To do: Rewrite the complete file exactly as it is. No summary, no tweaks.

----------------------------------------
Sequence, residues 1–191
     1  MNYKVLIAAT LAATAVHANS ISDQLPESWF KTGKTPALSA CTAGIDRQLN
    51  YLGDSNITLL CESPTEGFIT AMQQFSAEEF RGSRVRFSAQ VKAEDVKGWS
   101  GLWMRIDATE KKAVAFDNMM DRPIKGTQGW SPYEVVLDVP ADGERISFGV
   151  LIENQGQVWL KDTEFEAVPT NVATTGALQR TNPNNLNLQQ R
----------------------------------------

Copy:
Sequence, residues 1–191
     1  MNYKVLIAAT LAATAVHANS ISDQLPESWF KTGKTPALSA CTAGIDRQLN
    51  YLGDSNITLL CESPTEGFIT AMQQFSAEEF RGSRVRFSAQ VKAEDVKGWS
   101  GLWMRIDATE KKAVAFDNMM DRPIKGTQGW SPYEVVLDVP ADGERISFGV
   151  LIENQGQVWL KDTEFEAVPT NVATTGALQR TNPNNLNLQQ R